'It was internalised misogyny': Anne Hathaway admits she 'didn't trust' One Day director Lone Scherfig because she was a woman
Anne Hathaway has revealed that she struggled to trust the director of her 2011 film One Day because she was a woman.
The Hollywood actress admitting 'resisting' Lone Scherfig's direction and blamed her own 'internalised misogyny' for her reluctance to believe in a female director.
The actress told ABC's Peter Travers about her difficulty working with Scherfig on the film set and added that she regretted her behaviour.
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'Internalised misogyny': Anne Hathaway revealed that she didn't trust director Lone Scherfig when they worked on One Day together because she was a woman
The Les Miserables star said: 'I really regret not trusting her more easily.
'And I am to this day scared that the reason I didn't trust her the way I trust some of the other directors I work with is because she's a woman.
'It's so hard to admit and I hope people understand that.'
The director: Lone Scherfig is one of the few female directors working in film but Anne admitted that she 'didn't trust her the way I trust some of the other directors I work with'
'I'm so scared that I didn't give her everything that she needed.'
Anne continued: 'When I get a script, when I see a first film directed by a woman, I have in the past focused on what's wrong with it. And when I see a film... directed by a man, I focus on what's right with it.'
The actress, who won an Oscar for her portrayal of Fantine in Les Miserables, said she wanted to change her attitude towards female directors.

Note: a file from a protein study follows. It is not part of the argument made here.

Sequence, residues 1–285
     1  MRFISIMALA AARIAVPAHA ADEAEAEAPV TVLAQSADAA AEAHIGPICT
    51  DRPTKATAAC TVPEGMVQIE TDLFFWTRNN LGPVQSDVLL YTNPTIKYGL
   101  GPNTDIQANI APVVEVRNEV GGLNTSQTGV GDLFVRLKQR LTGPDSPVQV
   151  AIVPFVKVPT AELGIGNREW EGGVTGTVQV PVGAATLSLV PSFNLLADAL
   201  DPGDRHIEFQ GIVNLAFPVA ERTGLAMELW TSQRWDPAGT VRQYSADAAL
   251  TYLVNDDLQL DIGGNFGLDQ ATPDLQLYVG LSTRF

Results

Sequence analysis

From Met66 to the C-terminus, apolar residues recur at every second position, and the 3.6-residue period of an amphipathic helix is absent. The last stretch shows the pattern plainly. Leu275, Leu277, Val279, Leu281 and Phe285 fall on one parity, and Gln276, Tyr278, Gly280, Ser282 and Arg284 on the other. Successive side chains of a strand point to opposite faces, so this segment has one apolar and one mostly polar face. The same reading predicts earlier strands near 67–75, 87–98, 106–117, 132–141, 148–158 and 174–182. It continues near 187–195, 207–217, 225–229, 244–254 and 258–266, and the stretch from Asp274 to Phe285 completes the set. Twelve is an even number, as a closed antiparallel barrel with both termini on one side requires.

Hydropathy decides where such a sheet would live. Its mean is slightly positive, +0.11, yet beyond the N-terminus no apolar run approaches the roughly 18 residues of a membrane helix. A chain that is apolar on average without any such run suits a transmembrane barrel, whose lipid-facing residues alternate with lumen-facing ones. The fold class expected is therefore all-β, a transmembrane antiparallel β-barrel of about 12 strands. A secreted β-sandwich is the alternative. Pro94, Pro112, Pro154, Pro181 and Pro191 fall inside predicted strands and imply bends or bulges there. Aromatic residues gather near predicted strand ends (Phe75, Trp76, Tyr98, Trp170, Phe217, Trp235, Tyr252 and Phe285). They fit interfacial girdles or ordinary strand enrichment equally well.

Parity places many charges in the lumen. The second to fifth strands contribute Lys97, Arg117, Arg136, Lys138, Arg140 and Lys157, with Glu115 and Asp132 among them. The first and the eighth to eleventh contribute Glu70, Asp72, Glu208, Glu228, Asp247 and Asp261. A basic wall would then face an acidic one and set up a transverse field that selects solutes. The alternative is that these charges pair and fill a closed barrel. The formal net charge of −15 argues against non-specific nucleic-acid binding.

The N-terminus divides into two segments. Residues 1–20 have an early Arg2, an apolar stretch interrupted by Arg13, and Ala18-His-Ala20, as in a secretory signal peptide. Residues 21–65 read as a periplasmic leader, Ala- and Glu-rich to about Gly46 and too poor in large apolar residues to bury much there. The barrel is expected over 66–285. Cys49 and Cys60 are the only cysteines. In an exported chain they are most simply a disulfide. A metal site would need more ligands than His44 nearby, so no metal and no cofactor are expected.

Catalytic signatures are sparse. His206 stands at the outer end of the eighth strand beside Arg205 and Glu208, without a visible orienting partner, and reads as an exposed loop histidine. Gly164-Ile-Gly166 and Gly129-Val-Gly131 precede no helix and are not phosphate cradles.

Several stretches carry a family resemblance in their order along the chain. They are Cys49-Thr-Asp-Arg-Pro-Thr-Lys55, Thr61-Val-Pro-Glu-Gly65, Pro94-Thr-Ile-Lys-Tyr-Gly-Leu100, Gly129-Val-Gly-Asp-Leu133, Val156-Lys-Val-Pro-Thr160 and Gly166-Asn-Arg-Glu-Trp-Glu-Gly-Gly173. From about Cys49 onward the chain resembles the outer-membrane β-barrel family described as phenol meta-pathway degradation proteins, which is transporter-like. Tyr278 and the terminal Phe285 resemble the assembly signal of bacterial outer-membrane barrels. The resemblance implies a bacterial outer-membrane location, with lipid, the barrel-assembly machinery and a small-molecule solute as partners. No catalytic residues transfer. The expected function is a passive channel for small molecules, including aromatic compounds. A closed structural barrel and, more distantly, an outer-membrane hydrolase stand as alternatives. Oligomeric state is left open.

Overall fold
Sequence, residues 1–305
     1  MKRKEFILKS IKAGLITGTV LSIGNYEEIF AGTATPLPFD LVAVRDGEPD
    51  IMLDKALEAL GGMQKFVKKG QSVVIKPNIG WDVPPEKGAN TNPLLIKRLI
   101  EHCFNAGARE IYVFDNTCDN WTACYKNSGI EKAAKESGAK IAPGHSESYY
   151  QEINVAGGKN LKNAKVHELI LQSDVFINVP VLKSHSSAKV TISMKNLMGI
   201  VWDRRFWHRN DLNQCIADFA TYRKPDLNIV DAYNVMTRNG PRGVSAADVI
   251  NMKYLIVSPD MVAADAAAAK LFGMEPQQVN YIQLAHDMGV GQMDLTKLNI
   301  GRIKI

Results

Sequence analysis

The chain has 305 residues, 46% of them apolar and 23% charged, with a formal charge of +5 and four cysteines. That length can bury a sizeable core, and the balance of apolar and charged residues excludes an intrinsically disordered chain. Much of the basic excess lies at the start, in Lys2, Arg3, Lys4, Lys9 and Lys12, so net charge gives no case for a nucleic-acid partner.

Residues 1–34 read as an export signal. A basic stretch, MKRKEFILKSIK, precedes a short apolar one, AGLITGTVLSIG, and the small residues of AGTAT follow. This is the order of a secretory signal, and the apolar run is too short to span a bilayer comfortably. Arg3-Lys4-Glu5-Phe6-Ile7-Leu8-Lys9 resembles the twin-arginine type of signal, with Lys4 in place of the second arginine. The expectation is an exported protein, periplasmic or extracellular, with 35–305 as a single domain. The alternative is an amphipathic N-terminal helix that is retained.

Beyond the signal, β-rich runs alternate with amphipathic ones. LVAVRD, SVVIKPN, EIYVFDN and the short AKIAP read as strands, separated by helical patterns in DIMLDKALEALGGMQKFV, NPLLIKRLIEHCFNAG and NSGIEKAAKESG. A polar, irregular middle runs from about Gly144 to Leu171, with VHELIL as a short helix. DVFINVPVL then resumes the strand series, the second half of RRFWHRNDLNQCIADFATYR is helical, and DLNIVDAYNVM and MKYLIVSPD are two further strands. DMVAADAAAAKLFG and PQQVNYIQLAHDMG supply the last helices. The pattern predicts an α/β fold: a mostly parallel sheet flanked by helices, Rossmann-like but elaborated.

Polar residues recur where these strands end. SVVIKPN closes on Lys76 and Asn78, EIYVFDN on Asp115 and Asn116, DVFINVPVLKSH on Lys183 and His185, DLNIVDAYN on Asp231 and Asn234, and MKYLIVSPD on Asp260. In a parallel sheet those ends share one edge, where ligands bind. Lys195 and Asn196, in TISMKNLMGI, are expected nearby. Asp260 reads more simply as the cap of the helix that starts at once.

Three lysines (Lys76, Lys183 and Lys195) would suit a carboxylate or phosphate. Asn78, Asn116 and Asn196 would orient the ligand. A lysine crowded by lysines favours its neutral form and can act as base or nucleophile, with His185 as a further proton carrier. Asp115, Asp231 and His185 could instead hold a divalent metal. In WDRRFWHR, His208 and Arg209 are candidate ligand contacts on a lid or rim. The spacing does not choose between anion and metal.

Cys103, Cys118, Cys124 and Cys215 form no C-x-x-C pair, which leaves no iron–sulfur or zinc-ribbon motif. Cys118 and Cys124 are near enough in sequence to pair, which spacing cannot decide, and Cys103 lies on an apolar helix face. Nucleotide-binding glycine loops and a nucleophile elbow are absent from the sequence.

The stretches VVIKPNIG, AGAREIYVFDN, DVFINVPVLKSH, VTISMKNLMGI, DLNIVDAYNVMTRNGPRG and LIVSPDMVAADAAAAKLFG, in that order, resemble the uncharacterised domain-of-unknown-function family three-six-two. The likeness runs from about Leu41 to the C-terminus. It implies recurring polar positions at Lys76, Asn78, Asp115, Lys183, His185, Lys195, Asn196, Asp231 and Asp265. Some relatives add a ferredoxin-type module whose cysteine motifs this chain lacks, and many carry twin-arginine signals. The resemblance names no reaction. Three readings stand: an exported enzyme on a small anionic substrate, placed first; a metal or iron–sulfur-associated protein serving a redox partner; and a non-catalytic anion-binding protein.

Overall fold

Starring role: Anne starred as Emma in One Day, which charts the story two friends who fall in love with each other at a snail's pace over 20 years
British accent: While the film was modestly successful, Anne's Yorkshire accent was widely panned with critics saying she sounded like she was from New York at some points
'I can only acknowledge that I've done that and I don't want to do that anymore. I, before I realised this, had actively tried to work with female directors.
'And I still had this mindset buried in there somewhere.'
Anne did say she understands how difficult it is for women to make films in the notoriously male-dominated Hollywood.
'That journey is way harder than it should be,' the mother-of-one said.
'It's not equal,' she added. 'And I wonder if it's about that thought process like the one I just talked about. About undervaluing what it takes to make your first film.'
Oscar winner: Anne went on to win the Best Supporting Actress Oscar for her portrayal of Fantine in Les Miserables in 2013
Just seven per cent of all directors working on the top 250 domestic grossing films in 2016 were women, according to San Diego State's Center for the Study of Women in Television and Film.
The number of female directors working has actually declined as in 2015 nine per cent of directors working on big film projects were women.
Anne added that she had 'never apologised' to Lone, who directed the film which was based on the wildly popular novel by David Nicholls.
Anne starred as Emma in the film who enjoys a one-night stand with Dexter at graduation and maintains a flirtatious friendship with him for 20 years. Viewers are left wondering whether the friends will ever become a couple.
Anne said she would call Lone after the interview.
'I hold her in such a dear place in my heart and I think she does for me, too.'
A representative for Scherfig said : 'She asked me to express her love and admiration for Anne and her work.'
Speaking out: Anne opened up about her 'internalised misogyny' in an interview on ABC news
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